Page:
A hallmark of Baptist life is the cooperation among churches to reach the world with the Good News of Jesus. That cooperation is at its best in the model of churches working together in associations and state conventions. Of the approximately 1500 Southern Baptist churches in our state, most are affiliated with one of 42 associations in addition to their affiliation with the Arkansas Baptist State Convention (ABSC) and the Southern Baptist Convention (SBC).
Some associations are led by an associational missionary (AM) or associational missions strategist, while others are committee led. Either way, it is that sense of a shared mission that leads churches, associations and the ABSC to band together to fund missionaries and to take the message of salvation through Jesus alone to the unreached and underserved in Arkansas and around the world.
While the ABSC recognizes the autonomy of each association, the relationship is one of serving their leaders and participating churches.
This week, associational leaders representing 35 associations met with ABSC staff in Little Rock to further that spirit of cooperation. New associational leaders were given a summary of each team’s responsibilities and an opportunity to meet team members during a tour before the main session began. Dr. J.D. “Sonny” Tucker, Executive Director, welcomed the group on Monday afternoon as he expressed his appreciation for their work and shared updates from the teams of the ABSC.
On Monday evening convention staff and associational leaders enjoyed a time of fellowship during dinner and worship. ABSC Worship Consultant Jim Daniel was joined by his daughter, Magan and son, Jacob as he led the musical segment of worship.
Dr. Larry White, Convention President and Pastor of Woodland Heights Baptist Church in Conway, who formerly served as an associational missionary encouraged those in attendance. “Do not negate the value of your voice to your churches and your pastors. Your words of affirmation and encouragement can be so crucial in the life of a minister,” White shared.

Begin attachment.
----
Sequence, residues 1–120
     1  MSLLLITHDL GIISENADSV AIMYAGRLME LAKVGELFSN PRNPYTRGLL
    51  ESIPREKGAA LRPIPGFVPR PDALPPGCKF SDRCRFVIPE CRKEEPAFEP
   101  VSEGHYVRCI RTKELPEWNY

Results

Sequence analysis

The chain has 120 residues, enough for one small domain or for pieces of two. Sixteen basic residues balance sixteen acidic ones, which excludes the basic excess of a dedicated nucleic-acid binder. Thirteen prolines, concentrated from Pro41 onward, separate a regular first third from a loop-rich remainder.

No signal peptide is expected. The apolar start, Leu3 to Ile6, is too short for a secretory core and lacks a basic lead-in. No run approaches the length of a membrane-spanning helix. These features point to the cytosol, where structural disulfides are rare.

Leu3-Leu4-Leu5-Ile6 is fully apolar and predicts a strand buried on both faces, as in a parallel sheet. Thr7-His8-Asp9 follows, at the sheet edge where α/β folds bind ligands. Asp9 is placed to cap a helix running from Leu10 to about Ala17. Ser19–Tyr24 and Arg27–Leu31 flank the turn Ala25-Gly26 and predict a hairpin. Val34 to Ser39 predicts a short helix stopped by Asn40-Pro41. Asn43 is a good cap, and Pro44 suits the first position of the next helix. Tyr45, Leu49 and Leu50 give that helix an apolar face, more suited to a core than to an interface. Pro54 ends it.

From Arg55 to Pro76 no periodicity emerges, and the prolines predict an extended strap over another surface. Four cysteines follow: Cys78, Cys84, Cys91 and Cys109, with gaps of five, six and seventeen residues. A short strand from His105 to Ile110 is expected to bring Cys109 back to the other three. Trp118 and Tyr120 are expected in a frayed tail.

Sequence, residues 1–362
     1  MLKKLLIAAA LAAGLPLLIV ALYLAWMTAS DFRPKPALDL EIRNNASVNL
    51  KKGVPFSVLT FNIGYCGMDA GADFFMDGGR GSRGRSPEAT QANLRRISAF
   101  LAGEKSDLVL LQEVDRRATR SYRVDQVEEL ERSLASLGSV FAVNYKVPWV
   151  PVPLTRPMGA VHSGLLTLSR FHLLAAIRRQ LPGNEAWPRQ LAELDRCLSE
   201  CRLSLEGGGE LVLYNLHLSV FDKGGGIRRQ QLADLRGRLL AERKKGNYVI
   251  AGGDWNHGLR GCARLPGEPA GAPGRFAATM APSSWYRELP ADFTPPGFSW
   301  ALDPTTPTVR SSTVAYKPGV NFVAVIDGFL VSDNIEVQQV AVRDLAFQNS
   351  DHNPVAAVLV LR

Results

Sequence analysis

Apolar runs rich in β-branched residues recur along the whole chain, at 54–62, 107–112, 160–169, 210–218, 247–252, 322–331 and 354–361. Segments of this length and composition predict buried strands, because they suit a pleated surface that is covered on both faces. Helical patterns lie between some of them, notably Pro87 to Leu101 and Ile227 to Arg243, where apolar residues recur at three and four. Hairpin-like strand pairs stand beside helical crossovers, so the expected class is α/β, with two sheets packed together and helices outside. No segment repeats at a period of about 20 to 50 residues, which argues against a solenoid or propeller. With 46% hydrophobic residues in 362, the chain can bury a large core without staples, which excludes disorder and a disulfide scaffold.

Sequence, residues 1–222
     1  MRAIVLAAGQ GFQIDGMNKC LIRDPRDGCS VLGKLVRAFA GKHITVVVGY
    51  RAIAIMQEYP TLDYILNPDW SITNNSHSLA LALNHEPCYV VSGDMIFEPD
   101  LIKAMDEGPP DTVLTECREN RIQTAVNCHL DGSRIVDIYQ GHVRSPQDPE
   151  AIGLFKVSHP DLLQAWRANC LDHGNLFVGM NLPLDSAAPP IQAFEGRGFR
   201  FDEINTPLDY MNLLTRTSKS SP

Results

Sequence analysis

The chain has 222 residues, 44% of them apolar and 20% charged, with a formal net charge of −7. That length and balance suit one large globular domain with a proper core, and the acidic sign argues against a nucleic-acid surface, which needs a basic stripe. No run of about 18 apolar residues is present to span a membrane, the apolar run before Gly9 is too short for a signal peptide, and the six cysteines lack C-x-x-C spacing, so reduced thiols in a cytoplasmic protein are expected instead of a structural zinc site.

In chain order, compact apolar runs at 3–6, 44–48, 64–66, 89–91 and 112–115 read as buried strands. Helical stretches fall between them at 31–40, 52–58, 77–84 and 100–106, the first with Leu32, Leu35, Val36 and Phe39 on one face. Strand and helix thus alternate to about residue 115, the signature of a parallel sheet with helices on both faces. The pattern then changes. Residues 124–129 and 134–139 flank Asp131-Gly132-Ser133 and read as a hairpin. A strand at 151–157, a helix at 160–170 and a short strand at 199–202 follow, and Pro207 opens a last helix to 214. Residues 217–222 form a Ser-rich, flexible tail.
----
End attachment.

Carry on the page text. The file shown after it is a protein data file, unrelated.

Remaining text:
Bob Johnson, Associational Missionary Liaison at the ABSC, and leader of the workshop served as an associational missionary before coming to the ABSC.
“I was an AM in North Arkansas Baptist Association, based out of Harrison in Boone County, for about four and a half years. It was probably one of the largest geographical areas for associations in the state – we covered four counties up there,” Johnson said.
He said that experience helped prepare him to come to the Convention and help other Associational Missionaries.
Johnson states that he has two goals for this workshop/retreat that meet annually each February.
“Number one is connect them with ABSC personnel, connect them to our teams, to our people. What are we doing and what do we have going on right now. The second goal is to provide them with training and resources,” Johnson said. “What have I come across, what has our convention come across, maybe what is something one of the other guys has come across that would be a great tool for every association to have in their toolbox. So, we try to, I try to do a combination of that, working with the officers or whoever else and try and make sure that we have those kinds of connections.”